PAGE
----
Marketing Director Admires Shen Yun Dancers’ Cooperation

January 12, 2015

SAN FRANCISCO—One thing that struck Thom Wyatt about Shen Yun Performing Arts is that “no one is the star. Everyone is … an ensemble together.”

New York-based Shen Yun has toured the world for nine years, bringing ancient Chinese culture to life through classical Chinese dance and music.

Mr. Wyatt, global marketing director for the company Siegel and Gale, attended the performance at San Francisco’s War Memorial Opera House on Jan. 10 and found it “very entertaining.”

“I liked the spiritual part,” Mr. Wyatt said. “I noticed it’s all very communal, it’s all done together as a group. Not individuals, not stars, but everybody collectively, cooperative.”

Mr. Wyatt particularly enjoyed the piece Snow-Capped Celebration, a Tibetan dance set in the snowy Himalayas. He liked the dancers’ costumes and the “energy, very exciting energy.”

“The dancing’s very exciting, and learning a bit of the history of China,” he said.

He appreciated the live orchestra and found its music entertaining. The Shen Yun Performing Arts Orchestra uses both Chinese and Western instruments and musical traditions.

Shen Yun’s website explains, “A Western orchestra plays the foundation, while traditional Chinese instruments lead the melodies. The sound produced is uniquely pleasing to the ear.”

I’m enjoying it very much, it’s a beautiful show to watch.
— Derek Seder
Derek Seder, Ph.D., psychologist of San Mateo County, attended the performance with Mr. Wyatt. “I know that dancing is not easy,” said Mr. Seder, who used to do West African dance. “I’m enjoying it very much, it’s a beautiful show to watch.”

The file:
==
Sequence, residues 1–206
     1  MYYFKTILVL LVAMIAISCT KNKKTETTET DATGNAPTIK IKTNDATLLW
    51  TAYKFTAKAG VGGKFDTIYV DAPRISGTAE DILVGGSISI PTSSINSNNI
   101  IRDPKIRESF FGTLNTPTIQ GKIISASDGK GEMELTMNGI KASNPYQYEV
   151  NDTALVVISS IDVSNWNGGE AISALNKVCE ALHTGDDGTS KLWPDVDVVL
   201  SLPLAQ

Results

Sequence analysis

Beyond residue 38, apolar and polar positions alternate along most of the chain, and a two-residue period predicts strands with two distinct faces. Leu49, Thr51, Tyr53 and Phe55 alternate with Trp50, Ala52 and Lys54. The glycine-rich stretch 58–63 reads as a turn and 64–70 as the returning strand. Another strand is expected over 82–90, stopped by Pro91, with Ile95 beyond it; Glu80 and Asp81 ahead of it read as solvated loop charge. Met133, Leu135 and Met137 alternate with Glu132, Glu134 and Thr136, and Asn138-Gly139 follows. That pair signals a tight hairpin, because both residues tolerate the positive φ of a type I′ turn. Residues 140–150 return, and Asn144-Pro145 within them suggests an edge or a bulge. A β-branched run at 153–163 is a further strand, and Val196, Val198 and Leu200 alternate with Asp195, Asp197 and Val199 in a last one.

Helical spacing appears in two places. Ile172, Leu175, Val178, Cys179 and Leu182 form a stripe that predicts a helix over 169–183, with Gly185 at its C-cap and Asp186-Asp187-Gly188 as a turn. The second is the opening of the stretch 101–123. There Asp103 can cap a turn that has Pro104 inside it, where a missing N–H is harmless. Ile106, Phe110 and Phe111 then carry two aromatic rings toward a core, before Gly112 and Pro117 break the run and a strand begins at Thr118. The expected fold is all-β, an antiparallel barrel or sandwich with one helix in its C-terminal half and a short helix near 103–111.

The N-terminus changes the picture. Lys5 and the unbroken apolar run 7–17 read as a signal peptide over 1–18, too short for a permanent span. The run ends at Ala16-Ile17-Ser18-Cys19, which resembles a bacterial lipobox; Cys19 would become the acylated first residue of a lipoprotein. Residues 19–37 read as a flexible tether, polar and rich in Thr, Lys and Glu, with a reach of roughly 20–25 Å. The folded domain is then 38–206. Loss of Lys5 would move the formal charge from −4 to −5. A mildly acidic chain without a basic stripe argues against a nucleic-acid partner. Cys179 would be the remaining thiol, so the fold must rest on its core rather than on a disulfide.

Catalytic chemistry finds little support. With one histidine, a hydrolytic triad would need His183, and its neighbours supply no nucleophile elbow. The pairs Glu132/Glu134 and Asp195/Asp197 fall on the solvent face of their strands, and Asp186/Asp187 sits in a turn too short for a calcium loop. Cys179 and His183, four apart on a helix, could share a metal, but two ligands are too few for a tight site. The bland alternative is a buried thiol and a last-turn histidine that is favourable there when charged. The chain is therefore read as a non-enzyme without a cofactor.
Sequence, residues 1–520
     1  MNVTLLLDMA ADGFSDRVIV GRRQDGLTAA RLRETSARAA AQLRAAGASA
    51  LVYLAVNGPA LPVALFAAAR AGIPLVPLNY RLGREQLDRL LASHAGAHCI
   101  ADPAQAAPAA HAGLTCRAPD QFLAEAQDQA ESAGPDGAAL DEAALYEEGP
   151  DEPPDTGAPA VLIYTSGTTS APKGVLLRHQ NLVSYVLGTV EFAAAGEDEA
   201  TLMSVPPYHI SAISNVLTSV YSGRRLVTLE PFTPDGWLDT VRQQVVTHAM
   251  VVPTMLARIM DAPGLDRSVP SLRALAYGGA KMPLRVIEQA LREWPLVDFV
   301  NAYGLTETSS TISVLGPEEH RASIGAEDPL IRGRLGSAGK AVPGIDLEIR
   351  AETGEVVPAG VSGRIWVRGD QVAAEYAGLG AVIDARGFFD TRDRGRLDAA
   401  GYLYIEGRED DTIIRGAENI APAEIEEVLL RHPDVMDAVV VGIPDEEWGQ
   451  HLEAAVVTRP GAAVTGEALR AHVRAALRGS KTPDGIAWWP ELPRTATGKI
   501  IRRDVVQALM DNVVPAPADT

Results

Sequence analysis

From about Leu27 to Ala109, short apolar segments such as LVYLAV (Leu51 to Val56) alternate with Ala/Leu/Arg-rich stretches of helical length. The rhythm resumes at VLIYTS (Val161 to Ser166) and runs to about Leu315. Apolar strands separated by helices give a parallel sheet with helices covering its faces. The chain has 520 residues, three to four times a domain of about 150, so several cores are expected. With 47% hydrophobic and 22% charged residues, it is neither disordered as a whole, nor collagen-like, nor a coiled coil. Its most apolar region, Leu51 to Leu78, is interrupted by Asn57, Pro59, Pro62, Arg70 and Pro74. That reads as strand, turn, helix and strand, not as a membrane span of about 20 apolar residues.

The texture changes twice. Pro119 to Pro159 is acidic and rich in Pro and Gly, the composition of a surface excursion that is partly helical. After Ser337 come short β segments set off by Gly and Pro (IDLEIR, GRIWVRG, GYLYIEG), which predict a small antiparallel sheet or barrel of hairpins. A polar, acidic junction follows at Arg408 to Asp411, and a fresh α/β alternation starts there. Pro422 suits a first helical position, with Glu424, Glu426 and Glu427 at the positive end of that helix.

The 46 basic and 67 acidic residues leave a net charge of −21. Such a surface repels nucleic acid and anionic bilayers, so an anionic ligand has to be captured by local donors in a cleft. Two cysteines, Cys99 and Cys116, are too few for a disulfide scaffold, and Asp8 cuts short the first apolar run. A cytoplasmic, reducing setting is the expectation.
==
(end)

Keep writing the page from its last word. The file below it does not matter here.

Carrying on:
Classical Chinese dance “entails systematic training in movements and postures, as well as very difficult jumping and tumbling techniques,” the company’s website states.

“I appreciate watching them, and all of the training,” Mr. Seder said. “I appreciate how easy they make it look. It takes a lot of hard work to make it look that easy.”

“I’m also learning a lot about different aspects of Chinese culture that I didn’t know very much about,” he said.

Many of Shen Yun’s dance pieces tell stories from China’s rich 5,000-year history. Mr. Seder especially liked The Fable of the Magic Brush, in which “a young painter befriends a mysterious maiden and defends her from a band of ruffians. In gratitude, she gives him a magical brush that turns anything it paints into reality,” according to Shen Yun’s program.

“I like the idea of fables and the stories that they tell, because they’re trying to teach us something,” Mr. Seder said. “Someone a long time ago was trying to teach somebody something and shared this story.”

Ancient Chinese culture was believed to be divinely inspired. Many of its stories embody traditional values such as compassion and justice, which are portrayed onstage in Shen Yun.

“A lot of the fables across cultures teach a lot of the same lessons, so that’s why I appreciate them so much,” Mr. Seder said.

Reporting by Qian Zhang and Sally Appert

New York-based Shen Yun Performing Arts has four touring companies that perform around the world. For more information, visit

Epoch Times considers Shen Yun Performing Arts the significant cultural event of our time. We have proudly covered audience reaction since Shen Yun’s inception in 2006.